Munakata Beef House (CLOSED)
Time Out says
A prime meat restaurant that falls short of expectations
Up until now, Meter Chan’s enjoyed a pretty solid track record in the restaurant business. He co-founded Butao King in 2010 during the early days of the Hakata ramen craze, and after parting ways with the noodle bar-turned-chain, became a pioneer of the tsukemen trend, opening Kakurega Ramen Factory in Sham Shui Po. These restaurants succeeded because they focused on one thing and did it well. It’s a proven formula that Chan adopts once again for his latest venture, Munakata Beef House, which is dedicated to Japanese beef rice.
Nestled on a quiet stretch of Tai Kok Tsui, the intimate restaurant only accepts walk-ins and seats a mere handful of customers at a time. Ample effort has been made to give the space an authentic Japanese feel, from the minimalistic décor to the custom-built, plain-wood counter that wraps around the kitchen like a sushi bar.
As for the beef rice, it’s served in a smart lacquered box (known as ‘jubako’ in Japanese) instead of a round bowl à la the more typical gyudon preparation. The main draw is the meat, of course, which is sourced from Munakata in Japan’s southerly Fukuoka Prefecture. You can order the round steak from the outer thigh ($168), the sirloin ($368) or a combination of the two ($268). Whichever cut you go for, it’s all served in 160g portions over rice with miso soup, Japanese pickles and a touch of wasabi on the side.
We try the lean thigh cut, which is slow-cooked until tender then sliced into thin, 2mm pieces. It’s wonderfully robust and pairs especially well with fried chips of garlic. Meanwhile, the sirloin – which we’re informed is dry-aged in-house for two weeks – boasts a balanced marbling that’s accentuated when grilled to a pink-centred, medium-rare. It’s a shame then, that the meat is riddled with gristle. What’s even more shocking though, is when we realise that the beef isn’t cooked to order but is, instead, pre-grilled and then reheated prior to serving. Sure, customers get their meal quicker this way, but it’s also a blatant way of cutting corners and a waste of such a high-quality ingredient.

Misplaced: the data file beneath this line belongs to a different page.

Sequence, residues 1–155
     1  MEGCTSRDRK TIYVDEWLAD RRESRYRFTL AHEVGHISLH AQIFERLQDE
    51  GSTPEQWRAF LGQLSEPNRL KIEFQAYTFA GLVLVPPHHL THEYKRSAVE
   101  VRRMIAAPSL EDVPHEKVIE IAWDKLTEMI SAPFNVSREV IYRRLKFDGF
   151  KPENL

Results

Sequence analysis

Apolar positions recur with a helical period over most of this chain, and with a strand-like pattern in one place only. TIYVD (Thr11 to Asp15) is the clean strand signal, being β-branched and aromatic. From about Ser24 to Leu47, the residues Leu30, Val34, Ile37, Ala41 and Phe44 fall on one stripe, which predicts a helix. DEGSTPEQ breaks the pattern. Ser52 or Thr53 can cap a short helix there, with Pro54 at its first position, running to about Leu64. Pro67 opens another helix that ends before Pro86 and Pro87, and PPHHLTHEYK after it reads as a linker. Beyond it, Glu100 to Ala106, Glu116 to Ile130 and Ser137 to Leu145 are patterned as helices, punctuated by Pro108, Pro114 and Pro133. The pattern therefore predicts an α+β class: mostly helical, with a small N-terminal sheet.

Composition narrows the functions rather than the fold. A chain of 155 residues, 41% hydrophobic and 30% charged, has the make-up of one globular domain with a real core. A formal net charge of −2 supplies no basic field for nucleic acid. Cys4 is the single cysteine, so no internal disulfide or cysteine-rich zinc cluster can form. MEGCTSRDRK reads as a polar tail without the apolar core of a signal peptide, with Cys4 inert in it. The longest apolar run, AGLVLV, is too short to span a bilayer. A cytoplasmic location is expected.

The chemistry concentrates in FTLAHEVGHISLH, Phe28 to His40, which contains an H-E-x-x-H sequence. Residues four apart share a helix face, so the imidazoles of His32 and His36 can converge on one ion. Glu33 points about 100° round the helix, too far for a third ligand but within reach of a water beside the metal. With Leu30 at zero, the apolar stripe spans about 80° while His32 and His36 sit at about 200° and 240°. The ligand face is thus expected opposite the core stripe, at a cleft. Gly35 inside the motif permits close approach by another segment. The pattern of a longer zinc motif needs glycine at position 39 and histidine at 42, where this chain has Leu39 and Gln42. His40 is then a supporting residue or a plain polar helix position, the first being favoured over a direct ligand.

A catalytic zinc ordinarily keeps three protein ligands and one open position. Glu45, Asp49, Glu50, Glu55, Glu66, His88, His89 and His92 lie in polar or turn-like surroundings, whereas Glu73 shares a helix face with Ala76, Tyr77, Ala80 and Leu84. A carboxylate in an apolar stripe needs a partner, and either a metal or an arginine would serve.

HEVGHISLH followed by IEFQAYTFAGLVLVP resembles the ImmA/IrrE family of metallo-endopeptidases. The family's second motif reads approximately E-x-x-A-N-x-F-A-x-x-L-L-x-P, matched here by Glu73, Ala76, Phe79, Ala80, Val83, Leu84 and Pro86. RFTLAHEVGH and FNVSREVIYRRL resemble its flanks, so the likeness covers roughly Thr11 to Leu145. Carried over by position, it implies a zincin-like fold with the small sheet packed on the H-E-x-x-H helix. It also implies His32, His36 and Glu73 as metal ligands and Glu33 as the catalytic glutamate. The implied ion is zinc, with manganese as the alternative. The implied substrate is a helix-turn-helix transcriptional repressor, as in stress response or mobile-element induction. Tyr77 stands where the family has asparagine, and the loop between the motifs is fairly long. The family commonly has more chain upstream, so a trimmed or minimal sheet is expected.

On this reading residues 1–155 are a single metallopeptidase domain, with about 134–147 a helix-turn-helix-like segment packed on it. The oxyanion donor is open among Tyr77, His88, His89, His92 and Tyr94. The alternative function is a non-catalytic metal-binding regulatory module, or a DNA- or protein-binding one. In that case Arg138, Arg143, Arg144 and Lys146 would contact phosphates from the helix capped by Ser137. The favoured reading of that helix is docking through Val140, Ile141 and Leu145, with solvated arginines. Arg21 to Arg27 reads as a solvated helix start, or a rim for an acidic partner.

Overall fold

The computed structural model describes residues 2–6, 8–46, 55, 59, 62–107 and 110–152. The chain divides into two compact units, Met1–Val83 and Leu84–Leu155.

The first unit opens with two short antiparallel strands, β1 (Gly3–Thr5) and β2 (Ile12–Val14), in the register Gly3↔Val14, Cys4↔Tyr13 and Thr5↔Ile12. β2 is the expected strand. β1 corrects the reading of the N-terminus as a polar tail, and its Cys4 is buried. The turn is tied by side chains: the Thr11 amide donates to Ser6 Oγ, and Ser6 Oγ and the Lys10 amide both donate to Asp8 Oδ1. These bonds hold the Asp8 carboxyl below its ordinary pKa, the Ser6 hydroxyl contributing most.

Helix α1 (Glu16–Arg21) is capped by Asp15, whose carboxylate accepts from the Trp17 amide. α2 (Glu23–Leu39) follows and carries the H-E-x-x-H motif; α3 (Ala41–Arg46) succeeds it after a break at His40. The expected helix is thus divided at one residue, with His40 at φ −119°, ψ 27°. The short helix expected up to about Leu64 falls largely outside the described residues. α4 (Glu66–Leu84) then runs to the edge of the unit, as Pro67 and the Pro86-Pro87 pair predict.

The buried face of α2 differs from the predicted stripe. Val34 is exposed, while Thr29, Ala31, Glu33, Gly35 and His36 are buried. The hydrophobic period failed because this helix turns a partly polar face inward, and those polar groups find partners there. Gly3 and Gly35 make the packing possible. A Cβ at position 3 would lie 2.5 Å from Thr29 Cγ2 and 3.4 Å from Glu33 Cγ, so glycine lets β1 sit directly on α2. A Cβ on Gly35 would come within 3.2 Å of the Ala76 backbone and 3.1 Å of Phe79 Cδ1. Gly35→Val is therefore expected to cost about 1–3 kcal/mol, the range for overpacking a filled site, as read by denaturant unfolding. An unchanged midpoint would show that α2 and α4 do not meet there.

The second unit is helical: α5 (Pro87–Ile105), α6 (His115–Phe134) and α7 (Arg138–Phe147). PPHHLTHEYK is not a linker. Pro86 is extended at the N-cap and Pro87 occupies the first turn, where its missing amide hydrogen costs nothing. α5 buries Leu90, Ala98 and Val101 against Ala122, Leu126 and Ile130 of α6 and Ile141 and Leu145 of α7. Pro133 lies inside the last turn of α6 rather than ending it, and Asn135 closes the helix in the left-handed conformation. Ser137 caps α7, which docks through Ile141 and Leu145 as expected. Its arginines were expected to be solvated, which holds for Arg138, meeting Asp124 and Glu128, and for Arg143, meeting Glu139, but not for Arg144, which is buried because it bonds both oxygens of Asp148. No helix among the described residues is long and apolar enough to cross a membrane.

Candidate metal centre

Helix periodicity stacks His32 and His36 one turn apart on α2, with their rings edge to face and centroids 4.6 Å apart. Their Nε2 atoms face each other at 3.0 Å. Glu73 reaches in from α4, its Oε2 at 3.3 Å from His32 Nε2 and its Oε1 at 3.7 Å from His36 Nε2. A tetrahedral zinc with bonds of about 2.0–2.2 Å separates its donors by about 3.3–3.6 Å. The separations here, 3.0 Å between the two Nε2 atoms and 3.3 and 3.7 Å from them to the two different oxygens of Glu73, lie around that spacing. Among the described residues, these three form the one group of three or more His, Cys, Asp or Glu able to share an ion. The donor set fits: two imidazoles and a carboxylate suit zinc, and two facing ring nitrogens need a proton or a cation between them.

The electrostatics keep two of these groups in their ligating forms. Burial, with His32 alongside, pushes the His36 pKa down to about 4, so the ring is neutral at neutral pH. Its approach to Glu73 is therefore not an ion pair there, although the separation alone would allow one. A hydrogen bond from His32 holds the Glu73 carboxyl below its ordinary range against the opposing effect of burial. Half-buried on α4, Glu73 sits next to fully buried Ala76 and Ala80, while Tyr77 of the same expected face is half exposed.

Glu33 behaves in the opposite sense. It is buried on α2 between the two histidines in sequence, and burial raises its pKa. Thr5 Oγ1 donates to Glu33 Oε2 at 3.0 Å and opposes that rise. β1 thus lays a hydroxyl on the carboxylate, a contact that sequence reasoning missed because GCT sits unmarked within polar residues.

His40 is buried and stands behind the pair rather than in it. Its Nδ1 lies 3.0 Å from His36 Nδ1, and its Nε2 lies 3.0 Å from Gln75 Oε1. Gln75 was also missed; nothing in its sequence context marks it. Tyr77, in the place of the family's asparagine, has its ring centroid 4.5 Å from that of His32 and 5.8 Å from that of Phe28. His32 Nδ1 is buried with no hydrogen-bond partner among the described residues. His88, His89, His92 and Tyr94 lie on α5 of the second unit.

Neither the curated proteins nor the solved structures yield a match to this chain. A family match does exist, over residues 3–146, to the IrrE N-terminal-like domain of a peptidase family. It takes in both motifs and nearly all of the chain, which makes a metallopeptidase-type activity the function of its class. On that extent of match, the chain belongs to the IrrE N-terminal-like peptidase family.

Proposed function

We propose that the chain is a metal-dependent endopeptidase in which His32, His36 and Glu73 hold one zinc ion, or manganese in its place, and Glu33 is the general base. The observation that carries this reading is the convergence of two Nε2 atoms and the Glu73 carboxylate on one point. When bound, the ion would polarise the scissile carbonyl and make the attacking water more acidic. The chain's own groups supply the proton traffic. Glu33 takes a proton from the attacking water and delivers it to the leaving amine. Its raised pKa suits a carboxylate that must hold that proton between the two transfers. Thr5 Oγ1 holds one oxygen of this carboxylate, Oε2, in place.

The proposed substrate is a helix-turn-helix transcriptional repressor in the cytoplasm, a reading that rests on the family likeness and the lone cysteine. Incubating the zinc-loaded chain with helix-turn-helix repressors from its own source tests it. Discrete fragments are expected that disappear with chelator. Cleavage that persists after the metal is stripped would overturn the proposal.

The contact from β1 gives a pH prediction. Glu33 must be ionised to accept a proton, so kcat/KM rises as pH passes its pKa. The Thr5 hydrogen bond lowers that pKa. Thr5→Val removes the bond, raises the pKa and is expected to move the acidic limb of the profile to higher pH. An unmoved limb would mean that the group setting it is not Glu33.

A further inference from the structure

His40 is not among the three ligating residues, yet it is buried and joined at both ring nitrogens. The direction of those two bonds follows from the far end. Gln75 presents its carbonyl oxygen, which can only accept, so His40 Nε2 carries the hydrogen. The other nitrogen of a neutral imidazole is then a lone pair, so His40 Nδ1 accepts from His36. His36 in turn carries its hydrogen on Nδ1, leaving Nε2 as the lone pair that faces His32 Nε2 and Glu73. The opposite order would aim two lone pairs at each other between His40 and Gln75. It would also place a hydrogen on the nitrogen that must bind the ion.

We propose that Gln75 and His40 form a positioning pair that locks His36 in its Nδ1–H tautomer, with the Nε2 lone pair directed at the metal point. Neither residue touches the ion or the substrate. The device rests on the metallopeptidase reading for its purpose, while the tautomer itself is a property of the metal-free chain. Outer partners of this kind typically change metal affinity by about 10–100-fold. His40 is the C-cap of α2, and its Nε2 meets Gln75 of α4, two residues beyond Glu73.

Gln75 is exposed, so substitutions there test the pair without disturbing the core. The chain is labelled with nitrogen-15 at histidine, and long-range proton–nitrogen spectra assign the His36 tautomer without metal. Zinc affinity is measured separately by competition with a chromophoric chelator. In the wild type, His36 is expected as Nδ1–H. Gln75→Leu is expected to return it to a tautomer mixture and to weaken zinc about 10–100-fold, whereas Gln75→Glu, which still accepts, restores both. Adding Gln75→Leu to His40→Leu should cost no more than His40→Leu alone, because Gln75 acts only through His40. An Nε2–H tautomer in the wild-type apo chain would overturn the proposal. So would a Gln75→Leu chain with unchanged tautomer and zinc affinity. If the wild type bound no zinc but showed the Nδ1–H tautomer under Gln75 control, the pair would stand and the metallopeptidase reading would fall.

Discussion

The restaurant also offers New Zealand round steak ($98) and American Angus sirloin ($208). There’s a distinct meatiness to both, although they’re not nearly as supple as their pricier Japanese counterparts. And while the meat is passable, overall, the same can’t be said for the elements that accompany it. One of the core elements of a good beef rice bowl, the sauce at Munakata Beef House is uninspired and lacking in depth. The rice, likewise, fails miserably – overcooked to a mush that tastes even worse with the insipid sauce. And finally, there’s the onsen egg ($20). Instead of a beautifully runny centre, we get a half-cooked core that’s already set – unacceptable from any self-respecting Japanese restaurant.
Munakata Beef House has the look and the concept of a winning Japanese eatery but the food fails to live up to expecations. After all, if you’re a beef specialist that can’t keep the gristle out of your meat, and you’re a Japanese restaurant that can’t cook an onsen egg right, then you really have your work cut out for you.